Active Commuting Significantly Improves BMI and Body Fat

Active commuting significantly improves BMI and body fat: try walking, cycling or catch the bus.

Researchers at the London School of Hygiene and Tropical Medicine have found that commuters who travel to work by walking, cycling or public transport, have a significantly lower body mass index (BMI) and percentage body fat, compared with those who use private transport (predominantly the car, but also taxi, moped and motorbike).

A total of 15 777 people were included in the study. Factors such as age, disability, diet quality, participation in sport, and physical activity in the workplace, were all allowed for in anticipation that they might affect any association between commuting mode and obesity. Men who commuted via public or active transport modes were found to have BMI scores respectively 1.10 and 0.97 lower than those using private transport. For women, the corresponding figures were 0.7 and 0.87.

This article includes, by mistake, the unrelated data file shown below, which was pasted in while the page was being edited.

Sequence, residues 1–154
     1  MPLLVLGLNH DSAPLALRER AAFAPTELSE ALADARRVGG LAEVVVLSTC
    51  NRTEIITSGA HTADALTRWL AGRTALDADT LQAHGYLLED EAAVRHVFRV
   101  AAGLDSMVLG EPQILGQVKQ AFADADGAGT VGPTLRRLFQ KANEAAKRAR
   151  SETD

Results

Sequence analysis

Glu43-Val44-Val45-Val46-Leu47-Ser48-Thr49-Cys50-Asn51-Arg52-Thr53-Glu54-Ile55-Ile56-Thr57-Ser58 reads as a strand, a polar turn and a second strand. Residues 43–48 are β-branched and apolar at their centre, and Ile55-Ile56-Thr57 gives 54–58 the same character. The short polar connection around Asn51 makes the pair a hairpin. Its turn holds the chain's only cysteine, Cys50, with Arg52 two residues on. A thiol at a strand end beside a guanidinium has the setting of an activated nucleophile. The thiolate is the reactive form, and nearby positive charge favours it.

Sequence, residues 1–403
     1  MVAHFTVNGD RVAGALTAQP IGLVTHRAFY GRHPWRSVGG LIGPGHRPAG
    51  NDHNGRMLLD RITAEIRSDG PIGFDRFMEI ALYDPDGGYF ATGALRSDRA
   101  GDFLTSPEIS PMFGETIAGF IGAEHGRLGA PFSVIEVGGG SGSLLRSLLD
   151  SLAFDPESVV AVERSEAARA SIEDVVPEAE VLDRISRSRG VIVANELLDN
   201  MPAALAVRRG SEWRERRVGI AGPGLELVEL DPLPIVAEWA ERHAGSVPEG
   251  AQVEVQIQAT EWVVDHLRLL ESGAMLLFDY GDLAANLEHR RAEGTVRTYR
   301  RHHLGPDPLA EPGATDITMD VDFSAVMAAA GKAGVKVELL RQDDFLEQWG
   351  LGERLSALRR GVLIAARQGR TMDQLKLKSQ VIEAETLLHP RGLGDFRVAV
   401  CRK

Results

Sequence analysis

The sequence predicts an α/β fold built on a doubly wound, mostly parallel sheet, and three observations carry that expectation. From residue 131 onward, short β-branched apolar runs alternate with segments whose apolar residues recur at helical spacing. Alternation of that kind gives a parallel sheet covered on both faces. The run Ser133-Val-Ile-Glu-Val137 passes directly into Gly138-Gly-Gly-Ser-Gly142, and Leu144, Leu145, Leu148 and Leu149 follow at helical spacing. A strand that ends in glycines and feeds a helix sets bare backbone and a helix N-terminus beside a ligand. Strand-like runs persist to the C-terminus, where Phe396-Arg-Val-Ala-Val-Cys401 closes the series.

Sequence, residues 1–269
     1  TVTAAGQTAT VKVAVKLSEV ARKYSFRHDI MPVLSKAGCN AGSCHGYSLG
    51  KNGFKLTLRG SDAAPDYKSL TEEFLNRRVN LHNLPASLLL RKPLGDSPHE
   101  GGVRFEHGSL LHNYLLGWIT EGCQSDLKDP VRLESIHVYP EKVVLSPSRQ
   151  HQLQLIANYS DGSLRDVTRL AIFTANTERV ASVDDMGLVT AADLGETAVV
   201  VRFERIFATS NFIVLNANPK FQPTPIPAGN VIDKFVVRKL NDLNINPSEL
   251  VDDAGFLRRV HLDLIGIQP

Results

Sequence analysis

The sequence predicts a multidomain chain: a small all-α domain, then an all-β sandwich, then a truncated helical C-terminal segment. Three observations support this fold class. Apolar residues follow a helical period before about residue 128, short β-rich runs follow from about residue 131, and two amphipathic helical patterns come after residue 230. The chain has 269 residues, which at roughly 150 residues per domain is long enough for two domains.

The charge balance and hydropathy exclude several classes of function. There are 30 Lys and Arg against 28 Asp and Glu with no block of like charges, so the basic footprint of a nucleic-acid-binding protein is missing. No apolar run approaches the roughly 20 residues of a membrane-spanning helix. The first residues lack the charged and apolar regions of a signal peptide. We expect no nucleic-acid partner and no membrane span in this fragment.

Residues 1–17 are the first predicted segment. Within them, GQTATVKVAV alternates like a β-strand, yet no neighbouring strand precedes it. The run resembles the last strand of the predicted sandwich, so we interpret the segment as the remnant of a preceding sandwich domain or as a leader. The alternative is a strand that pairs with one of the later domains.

A key finding was that the effects observed for public transport were very similar in size to those for walking or cycling, probably due to walking between transport hubs and making journey connections. The observed effect size for men of around 1 BMI point suggests that, for the average man in the sample (43 years old, 176 cm tall, weight 86 kg, and BMI 27.8), this would equate to a difference in weight of 3 kg (almost half a stone). For the average woman in the sample (43 years old, 163 cm tall, weight 72.8 kg, BMI 27.4), an effect size of around 0.7 BMI points would correspond to a difference in weight of approximately 2.5 kg (5.5 lb).

(Associations between active commuting, body fat, and body mass index: population based, cross sectional study in the United Kingdom. British Medical Journal, online 19 August 2014.)